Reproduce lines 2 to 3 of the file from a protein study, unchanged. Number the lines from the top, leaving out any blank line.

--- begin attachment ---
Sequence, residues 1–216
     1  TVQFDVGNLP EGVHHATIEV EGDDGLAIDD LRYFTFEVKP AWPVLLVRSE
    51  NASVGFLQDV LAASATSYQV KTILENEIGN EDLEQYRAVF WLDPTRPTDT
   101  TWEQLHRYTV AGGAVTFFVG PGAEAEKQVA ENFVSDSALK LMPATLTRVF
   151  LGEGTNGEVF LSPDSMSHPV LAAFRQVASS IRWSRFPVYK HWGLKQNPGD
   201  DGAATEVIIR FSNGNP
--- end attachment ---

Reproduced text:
     1  TVQFDVGNLP EGVHHATIEV EGDDGLAIDD LRYFTFEVKP AWPVLLVRSE
    51  NASVGFLQDV LAASATSYQV KTILENEIGN EDLEQYRAVF WLDPTRPTDT